The State of Solar


Solar power is set to play a vital role in moving the world off fossil fuel use and onto renewable sources of energy. A low cost, high impact solution, solar PV works through the use of  solar voltaic glass panels, light (photons) knocks electrons off of atoms, creating electricity1. The U.S. installed 13.3 gigawatts of photovoltaic (PV) solar capacity in 2019 to reach 77.7 GW of total installed capacity, enough to power 14.5 million American homes2. Solar accounted for 40% of all new electric generating capacity added to the grid in 2019 – more than any other energy source, and the highest share in the industry’s history. China leads the world in solar power3 generation, followed by the U.S., Japan, India, Germany, Italy, U.K., France, Australia and Pakistan. In the U.S., California ranks highest among states for generating solar power electricity, followed by Arizona and North Carolina. The cost for solar PV4 has dropped about 60% in the last ten years and consequently the U.S. saw record setting residential solar capacity in 2019, adding more than 2.8 GW5.  Residential solar panels can convert over 300 watts6 of power per hour per panel.


New York State

Solar power is currently a small, but mighty and growing, source of energy for New York State and an important component to getting New York State off fossil fuels. Long Island Solar Farm is the largest solar power plant in the eastern United States, consisting of 164,000 solar panels that provide up to 32 MW of electricity. As of 2019, 1.86% of electricity in New York State was generated by solar power, the 10th highest in the country, up from 1.33% in 2018, and having tripled since 20117. California leads the way, with 24,464 MW of solar electricity generated in 2018, about 11.8% of its energy production8. There are currently over 261,000 homes powered by solar in New York State9 and solar pricing has fallen over 38% over the past 5 years.

In order to incentivize individual homeowners’ transition to solar, there are federal, state and city tax credits for getting solar on your residence10. Low-income households can also qualify in New York State for additional savings11.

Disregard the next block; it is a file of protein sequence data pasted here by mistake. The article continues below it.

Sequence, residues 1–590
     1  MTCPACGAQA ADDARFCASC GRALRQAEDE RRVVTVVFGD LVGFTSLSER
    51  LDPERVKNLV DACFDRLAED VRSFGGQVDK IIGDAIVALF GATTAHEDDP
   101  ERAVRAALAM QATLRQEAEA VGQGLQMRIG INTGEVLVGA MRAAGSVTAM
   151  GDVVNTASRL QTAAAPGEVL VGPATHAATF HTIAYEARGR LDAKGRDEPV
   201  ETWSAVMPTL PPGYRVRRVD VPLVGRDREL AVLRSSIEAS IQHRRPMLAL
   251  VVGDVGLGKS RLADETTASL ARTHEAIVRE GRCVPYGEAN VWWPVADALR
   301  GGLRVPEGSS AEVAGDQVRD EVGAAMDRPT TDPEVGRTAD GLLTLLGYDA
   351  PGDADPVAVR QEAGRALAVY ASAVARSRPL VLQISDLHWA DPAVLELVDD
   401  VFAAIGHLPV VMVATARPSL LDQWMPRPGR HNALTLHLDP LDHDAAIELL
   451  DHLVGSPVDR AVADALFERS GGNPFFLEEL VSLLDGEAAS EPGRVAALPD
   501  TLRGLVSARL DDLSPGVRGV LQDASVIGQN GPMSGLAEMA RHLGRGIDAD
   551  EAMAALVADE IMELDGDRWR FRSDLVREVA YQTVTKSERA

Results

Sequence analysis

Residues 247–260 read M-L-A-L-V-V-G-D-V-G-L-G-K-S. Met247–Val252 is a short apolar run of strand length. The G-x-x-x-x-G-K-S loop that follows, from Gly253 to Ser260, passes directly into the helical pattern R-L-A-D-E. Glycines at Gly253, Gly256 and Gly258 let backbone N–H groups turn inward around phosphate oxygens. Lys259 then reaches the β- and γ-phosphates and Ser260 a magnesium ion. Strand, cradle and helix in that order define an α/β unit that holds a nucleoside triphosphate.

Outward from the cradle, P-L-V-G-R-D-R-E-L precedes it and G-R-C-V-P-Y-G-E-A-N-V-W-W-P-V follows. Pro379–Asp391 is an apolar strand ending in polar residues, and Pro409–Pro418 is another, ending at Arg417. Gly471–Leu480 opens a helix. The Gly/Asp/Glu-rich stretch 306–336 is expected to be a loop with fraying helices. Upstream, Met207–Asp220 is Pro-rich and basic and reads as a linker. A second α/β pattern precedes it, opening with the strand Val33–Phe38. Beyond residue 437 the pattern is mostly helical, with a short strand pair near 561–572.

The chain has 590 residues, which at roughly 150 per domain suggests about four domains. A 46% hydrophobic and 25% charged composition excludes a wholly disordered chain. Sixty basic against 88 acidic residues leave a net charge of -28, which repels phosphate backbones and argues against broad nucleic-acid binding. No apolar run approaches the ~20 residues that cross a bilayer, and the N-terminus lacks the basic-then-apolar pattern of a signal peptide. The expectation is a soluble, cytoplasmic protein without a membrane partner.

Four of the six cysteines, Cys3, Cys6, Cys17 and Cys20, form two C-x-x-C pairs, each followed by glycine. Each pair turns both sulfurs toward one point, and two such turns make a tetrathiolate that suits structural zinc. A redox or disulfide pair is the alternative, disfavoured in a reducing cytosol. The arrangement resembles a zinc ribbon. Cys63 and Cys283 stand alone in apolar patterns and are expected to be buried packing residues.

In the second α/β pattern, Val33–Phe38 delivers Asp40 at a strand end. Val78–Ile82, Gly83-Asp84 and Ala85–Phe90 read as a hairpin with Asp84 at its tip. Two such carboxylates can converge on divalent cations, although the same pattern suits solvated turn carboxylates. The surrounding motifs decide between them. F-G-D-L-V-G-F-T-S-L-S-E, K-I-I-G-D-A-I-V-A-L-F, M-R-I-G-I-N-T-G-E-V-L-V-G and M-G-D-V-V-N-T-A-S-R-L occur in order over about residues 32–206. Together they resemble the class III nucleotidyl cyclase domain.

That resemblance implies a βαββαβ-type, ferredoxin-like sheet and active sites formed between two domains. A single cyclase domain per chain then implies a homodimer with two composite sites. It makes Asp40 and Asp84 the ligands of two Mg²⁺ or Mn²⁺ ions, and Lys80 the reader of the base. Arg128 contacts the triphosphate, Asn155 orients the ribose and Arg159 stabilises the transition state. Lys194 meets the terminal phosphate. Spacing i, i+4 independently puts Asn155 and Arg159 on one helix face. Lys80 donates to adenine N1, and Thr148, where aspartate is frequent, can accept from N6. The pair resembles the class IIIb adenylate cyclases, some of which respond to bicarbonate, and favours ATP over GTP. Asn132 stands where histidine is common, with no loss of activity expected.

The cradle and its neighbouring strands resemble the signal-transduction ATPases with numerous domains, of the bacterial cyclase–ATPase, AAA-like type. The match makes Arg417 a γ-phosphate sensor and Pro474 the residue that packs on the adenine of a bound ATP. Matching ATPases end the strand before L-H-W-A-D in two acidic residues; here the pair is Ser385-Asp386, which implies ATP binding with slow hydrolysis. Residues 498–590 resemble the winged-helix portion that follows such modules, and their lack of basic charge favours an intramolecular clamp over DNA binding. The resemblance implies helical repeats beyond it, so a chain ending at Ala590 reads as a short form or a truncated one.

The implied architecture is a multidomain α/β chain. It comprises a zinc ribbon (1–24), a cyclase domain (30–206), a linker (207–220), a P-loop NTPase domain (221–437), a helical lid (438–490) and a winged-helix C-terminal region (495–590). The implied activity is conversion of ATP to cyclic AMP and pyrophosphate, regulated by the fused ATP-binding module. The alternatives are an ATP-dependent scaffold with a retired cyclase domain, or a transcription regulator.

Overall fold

Want to get solar for your residence? There are many providers in New York State and most will do a free consultation. Click here for some recommendations. SolarOne‘s ‘Here Comes Solar’ initiative seeks to provide NYC residents access to solar power in a variety of ways.

NY-Sun, a public-private partnership under New York State Energy Research & Development Agency (NYSERDA), seeks to help New Yorkers adopt solar power through incentives and education, among other things.

The real potential for solar power in New York State is through utility-scale projects. The, a non-profit founded by Actor Mark Ruffalo and scientist Mark Jacobson, estimates that New York State would get to zero carbon-emissions with approximately 36% of its energy coming from solar plants and about 7% coming from residential and commercial rooftop solar.

There are a number of bills that have been put forward to move New York State off fossil fuels, including the recently passed Climate Leadership and Community Protection Act (CLCPA), which commits the state to 100% renewable energy by 2050.

An even more stringent proposal is the OFF Act, Senate bill S5908A, sponsored by Senator Brad Hoylman, which requires NYS to establish a “one hundred percent clean energy system” by 203012.

Governor Andrew Cuomo has offered his own proposals, such as his Green New Deal which seeks to bring NYS power to 100% renewable by 2040 and invest $1.5 billion in clean energy infrastructure. The plan includes quadrupling the state’s offshore wind capacity and more than doubling onshore wind and solar13.  Through NYSERDA, the state has begun to give out large grants for large-scale clean-energy projects.


New York City

New York City has solar plans of its own. Mayor Bill de Blasio’s plan, Solarize NYC, creates “multiple solar group purchasing campaigns,” which lowers the cost of solar installation by engaging in competitive bidding and collective purchasing. Apply to solarize your community today!



Brooklyn has many plans to ramp up its solar output. Through ReSet (Renewable and Sustainable Energy Taskforce), Eric Adams, the borough President, provides resources to make it easier for Brooklynites to adopt a “greener energy infrastructure.” They offer resources, such as rebates for updating your water heater or boiler, and a Brooklyn-Queens LED light bulb giveaway, amongst other incentives.


New York Annual Solar Installations, 2010-201914



  2. SEIA
  5. SEIA
  7. NYS DEC
  8. California Energy Commission
  9. Solar Energy Industries Association
  12. “S5908”,